Bowman Goes Out on Top

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Scotty Bowman kept his secret as long as he could and the best team money could buy made sure his last game as coach won him a Stanley Cup championship.

“I made up my mind in February that this was going to be my last year,” said Bowman, who announced his retirement after the Detroit Red Wings finished off the Carolina Hurricanes, 3-1, to clinch the best-of-seven series Thursday night in front of a sellout crowd of 20,058 at Joe Louis Arena. “In other years, I was never sure, but after the Olympic break, I knew it was time.”

Brendan Shanahan scored two goals, Steve Yzerman had two assists and Dominik Hasek made 16 saves for the Red Wings, who defeated the Hurricanes in five games and gave Bowman his ninth Stanley Cup championship as a coach, which moved him ahead of his mentor Toe Blake for the most in NHL history.


“I have had a career that I never thought I’d ever have, and it means a lot for me to leave on a winning note,” said Bowman, 68, the only coach to register more than 1,000 victories in the regular season and playoffs combined.

For the Red Wings, Thursday’s victory completes a dream season, especially for veterans such as Hasek, Luc Robitaille and Steve Duchesne, who played on a Stanley Cup championship team for the first time.

Detroit and its $65-million payroll dominated the league from start to finish. The Red Wings won the President’s Trophy for having the best record during the regular season and went 16-7 in the playoffs.

After losing Game 1 at home to Carolina in the finals, Detroit won four in a row to win its third Stanley Cup title in six years and 10th in franchise history.

“We should be up there with some of the greatest teams,” said Red Wing defenseman Nicklas Lidstrom, who won the Conn Smythe Trophy, awarded to the most valuable player of the playoffs.

“I think looking back at last summer when we got ... some really talented players. It was just a matter of getting everything working together as a team and as a group. That clicked right away. I thought that first week in the regular season we played as a team and we have been doing that throughout the whole regular season, and that carried through the playoffs as well.”


After a scoreless first period, the Red Wings broke the game open in the second.

Winger Tomas Holmstrom knocked in his first goal of the series on a gritty score from in front of the net. Holmstrom, who has a history of scoring big goals in the playoffs, was in the right spot to score off an assist from Igor Larionov at 4:07.

With nearly 11 minutes remaining in the period, fans at Joe Louis Arena began to chant “Hasek, Hasek, Hasek” after the Detroit goaltender stopped several point-blank chances by the Hurricanes.

Carolina’s Bates Battaglia seemed primed to tie the score with a wide-open shot from the slot, but Hasek was able to recover in time to make the save, which prompted the cheers.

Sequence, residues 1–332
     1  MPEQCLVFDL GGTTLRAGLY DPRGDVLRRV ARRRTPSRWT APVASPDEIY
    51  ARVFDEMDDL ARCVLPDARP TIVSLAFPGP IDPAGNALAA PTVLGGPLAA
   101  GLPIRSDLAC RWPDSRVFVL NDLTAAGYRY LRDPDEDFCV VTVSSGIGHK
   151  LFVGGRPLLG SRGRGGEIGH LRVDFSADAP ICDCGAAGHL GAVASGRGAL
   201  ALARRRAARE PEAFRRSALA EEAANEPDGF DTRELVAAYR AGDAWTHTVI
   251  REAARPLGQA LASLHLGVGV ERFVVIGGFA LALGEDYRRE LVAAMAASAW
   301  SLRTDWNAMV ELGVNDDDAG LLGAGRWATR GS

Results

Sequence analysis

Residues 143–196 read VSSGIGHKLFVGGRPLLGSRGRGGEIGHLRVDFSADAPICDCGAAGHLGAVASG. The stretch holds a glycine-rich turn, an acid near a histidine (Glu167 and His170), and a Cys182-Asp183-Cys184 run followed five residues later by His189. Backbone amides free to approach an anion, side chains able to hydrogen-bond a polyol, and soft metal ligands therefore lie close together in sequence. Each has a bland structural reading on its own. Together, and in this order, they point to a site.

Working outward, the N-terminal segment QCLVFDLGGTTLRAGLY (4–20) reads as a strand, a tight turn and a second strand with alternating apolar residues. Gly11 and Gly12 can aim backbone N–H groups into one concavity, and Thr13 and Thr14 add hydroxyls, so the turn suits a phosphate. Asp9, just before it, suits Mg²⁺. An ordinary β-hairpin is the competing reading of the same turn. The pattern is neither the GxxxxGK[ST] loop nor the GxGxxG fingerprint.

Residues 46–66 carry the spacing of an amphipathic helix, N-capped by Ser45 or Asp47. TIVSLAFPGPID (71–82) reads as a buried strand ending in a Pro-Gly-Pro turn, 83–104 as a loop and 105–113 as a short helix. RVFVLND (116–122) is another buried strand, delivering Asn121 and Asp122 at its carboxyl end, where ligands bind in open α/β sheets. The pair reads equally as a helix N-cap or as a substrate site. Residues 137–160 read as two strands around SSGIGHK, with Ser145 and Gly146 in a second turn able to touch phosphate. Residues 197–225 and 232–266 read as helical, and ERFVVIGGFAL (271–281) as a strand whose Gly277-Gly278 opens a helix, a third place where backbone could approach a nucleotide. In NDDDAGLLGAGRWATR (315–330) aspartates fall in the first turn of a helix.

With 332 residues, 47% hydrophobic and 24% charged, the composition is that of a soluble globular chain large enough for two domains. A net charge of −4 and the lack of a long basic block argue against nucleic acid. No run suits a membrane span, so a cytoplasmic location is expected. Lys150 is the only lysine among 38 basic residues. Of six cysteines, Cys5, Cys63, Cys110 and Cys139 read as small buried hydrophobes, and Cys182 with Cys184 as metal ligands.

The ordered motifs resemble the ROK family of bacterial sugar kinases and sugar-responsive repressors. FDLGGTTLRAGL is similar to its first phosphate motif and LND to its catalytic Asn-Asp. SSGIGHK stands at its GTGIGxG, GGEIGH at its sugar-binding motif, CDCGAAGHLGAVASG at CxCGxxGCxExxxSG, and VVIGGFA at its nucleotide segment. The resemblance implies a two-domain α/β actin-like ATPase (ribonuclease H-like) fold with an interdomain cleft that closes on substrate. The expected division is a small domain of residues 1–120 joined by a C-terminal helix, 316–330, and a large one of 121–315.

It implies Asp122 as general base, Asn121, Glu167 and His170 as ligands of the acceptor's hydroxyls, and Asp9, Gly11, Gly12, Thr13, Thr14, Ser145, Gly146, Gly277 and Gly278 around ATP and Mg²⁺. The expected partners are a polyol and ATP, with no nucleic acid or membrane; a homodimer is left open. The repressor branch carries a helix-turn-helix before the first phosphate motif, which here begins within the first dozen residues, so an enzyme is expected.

Minutes after Hasek’s save on Battaglia, the Red Wings stretched their lead to 2-0 when Shanahan scored on a power play at 14:04. The key to the score was a pass from Sergei Fedorov, who found Shanahan open inside the right circle. The veteran winger beat Carolina goalie Arturs Irbe with his second goal of the series and seventh of the playoffs.

Shanahan, however, also played a role in Carolina’s goal. With Detroit playing with a man-advantage, Shanahan picked up a tripping penalty and was still in the box when the Hurricanes’ Jeff O’Neill scored a power-play goal with 1:10 remaining in the period to cut Detroit’s lead to 2-1.

Over the final 20 minutes, Detroit did not give Carolina much room to work. Shanahan clinched the victory, scoring an empty-net goal with 45 seconds remaining.


“For the most part, we played with them,” Carolina captain Ron Francis said. “We played them hard. If we had a couple of breaks early in the series, there may have been a different outcome. But they are a great team. They are deep with a ton of skill and a lot of playoff experience. You just don’t rattle them.”

A huge part of the Red Wings’ success was the play of Hasek, who will finally get his name on the Stanley Cup after losing in the finals with Buffalo in 1999.

“I chose this organization for two things,” said Hasek, who is considering retirement. “Because I believed that this team, with my help, was good enough to be the best in the NHL; and the other thing was because I wanted to go to the city where the people like hockey.

“When Brendan Shanahan scored that third goal, I was so thrilled. So happy. I tried to stay focused for the final seconds left.... I have never seen such an exciting building like this for a final minute of the game.”

For Bowman, it was a perfect ending to a Hall of Fame career.

“The thing that I probably enjoy more than the 10 Cups, nine as a coach and the other as a director of personnel, is that I never got fired as a coach,” said Bowman, the league’s all-time leader for most wins in the Stanley Cup finals with 36.

“I think that’s my proudest moment.... I feel good about that.”